Good Morning, Vietnam Movie Review
If your eighth-grade classroom was like most, your class clown was a guarded, smallish boy who was utterly terrified of being himself for even a moment, for fear of suffering the ridicule of others. So he made cracks all day long, and if your classmates laughed every one in a while, you may have eventually seen this kid in adulthood spitting jokes professionally in the vicinity of a brick wall.
In Barry Levinson's Good Morning, Vietnam, Robin Williams is this very kid, advanced 30 years but still guarded and more joke-bot than human being. As Adrian Cronauer, Williams the standup comic finds himself in the toughest of rooms, Saigon, for a slot on Armed Forces Radio during America's escalating war in Asia. With Williams' Gatlin gun shtick, Cronauer brings staticky joy to the beleaguered grunts in the bush and simultaneously runs afoul of the brass trying to maintain military order on the air.
While the movie occasionally smacks of a Williams concert film that's been run through a time machine, Levinson and writer Mitch Markowitz have crafted a brilliant story about a comedian way, way off his stage. Out of the studio, Cronauer teaches English to locals, befriends the regulars in a local bar, and even romances a pretty young thing in town. Confronted with love, friendship, fear, violence, and eventually betrayal, Cronauer finds himself forced to lower the funnyman shields that protect him from dealing with his own reality. Years later, this is Williams' best acting work.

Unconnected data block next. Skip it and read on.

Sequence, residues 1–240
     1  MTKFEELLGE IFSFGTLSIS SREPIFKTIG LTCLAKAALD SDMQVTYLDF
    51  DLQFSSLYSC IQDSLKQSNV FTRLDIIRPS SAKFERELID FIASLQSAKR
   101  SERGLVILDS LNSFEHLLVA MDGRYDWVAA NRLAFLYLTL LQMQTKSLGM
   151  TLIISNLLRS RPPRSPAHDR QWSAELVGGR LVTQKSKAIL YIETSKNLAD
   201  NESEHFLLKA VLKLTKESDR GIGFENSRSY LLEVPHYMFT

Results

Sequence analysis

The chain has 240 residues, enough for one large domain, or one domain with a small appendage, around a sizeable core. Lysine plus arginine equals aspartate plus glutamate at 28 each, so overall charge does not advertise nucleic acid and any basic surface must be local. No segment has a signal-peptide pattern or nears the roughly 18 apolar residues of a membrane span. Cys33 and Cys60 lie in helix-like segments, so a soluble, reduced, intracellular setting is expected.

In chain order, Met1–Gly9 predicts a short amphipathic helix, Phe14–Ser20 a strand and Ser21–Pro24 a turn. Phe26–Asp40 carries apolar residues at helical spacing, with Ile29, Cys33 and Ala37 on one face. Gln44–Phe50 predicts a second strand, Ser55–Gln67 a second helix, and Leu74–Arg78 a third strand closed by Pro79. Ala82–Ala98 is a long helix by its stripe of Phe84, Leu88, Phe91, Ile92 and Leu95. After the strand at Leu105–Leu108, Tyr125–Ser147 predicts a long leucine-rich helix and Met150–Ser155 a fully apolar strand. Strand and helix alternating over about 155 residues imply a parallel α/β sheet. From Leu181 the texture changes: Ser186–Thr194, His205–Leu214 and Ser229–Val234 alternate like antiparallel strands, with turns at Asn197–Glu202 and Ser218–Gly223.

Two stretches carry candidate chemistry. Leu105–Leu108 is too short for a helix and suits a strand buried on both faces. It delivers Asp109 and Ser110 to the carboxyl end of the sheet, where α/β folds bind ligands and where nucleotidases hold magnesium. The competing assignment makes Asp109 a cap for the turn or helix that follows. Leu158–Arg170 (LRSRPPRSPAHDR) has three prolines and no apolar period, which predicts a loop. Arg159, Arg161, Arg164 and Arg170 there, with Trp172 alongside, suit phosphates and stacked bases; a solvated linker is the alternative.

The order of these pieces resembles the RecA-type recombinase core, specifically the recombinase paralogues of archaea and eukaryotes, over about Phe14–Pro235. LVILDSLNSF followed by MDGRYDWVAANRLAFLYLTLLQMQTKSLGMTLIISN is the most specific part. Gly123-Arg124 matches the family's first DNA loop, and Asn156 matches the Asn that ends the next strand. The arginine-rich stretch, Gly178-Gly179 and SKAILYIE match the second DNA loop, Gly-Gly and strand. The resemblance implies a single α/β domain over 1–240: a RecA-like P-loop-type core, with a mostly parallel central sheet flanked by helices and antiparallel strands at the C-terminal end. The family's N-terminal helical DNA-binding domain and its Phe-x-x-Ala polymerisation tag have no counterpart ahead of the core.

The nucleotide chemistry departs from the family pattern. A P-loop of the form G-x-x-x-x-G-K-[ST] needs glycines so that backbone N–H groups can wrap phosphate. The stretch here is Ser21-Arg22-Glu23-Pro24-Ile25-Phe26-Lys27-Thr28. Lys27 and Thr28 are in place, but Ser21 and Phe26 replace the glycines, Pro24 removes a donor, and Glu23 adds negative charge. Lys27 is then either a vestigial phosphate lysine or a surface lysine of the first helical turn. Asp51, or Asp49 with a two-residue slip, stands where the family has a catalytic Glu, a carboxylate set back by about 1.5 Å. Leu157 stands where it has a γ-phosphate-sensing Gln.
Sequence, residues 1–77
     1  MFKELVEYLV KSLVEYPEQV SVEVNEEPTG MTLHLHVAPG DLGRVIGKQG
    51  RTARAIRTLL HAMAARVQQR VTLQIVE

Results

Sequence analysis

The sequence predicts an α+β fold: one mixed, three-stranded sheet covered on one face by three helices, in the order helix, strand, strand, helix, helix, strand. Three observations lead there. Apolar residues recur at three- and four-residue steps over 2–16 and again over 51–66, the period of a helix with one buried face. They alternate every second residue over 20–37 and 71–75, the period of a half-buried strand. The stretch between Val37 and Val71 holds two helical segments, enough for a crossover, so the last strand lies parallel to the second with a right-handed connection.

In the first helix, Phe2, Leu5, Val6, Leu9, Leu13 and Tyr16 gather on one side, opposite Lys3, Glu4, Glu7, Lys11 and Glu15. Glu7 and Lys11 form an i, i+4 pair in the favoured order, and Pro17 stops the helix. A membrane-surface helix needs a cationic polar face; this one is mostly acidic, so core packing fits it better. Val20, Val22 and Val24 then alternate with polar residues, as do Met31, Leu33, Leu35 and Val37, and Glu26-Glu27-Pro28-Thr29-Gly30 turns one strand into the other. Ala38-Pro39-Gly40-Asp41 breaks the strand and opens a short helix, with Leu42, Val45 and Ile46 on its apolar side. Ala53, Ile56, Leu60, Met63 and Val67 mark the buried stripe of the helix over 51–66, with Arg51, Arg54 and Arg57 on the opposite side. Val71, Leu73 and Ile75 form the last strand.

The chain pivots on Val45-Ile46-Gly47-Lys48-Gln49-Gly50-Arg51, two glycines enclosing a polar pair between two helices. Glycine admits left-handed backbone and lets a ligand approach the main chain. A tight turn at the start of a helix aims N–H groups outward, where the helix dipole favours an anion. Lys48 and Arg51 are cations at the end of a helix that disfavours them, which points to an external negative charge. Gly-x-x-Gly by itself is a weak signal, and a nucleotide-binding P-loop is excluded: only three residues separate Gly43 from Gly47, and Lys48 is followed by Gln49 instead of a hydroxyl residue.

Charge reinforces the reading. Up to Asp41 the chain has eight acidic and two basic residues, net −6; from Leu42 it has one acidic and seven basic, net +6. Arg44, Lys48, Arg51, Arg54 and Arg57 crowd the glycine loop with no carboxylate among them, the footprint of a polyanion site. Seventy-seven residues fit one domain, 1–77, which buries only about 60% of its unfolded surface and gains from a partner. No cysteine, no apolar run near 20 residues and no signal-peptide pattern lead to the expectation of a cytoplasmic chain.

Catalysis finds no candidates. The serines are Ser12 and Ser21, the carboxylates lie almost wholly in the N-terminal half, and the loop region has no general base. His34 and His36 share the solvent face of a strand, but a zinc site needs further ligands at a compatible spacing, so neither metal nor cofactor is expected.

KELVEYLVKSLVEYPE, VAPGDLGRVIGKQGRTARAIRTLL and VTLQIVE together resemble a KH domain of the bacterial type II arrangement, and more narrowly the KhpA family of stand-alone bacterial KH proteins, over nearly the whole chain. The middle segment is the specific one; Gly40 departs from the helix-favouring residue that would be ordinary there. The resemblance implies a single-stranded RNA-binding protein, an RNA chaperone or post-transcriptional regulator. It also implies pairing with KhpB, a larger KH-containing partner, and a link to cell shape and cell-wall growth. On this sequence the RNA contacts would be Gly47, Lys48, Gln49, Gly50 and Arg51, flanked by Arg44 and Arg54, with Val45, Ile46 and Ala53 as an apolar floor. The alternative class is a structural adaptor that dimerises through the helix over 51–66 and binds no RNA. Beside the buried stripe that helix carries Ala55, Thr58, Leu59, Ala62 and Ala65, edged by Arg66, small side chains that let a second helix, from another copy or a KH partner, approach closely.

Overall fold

Also thanks to Levinson's fine work, the supporting cast manages to shine through Williams' massive shadow, particularly Bruno Kirby as a stuck-up station manager who quite incorrectly considers himself an accomplished comic personality, and Robert Wuhl as, well, Robert Wuhl.
Although Good Morning, Vietnam was just one of a firehose blast of late '80s 'Nam pictures (Platoon, Full Metal Jacket, Casualties of War), Levinson distinguished it by moving the focus away from the inhumanity of war and to something both smaller and bigger at the same time. His GMV is not a comedy about Vietnam; it's a story about a mere class clown becoming a man at the gates of Hell.
The new Special Edition DVD includes numerous making-of featurettes and, notably, raw footage of Williams improvising his on-air scenes.
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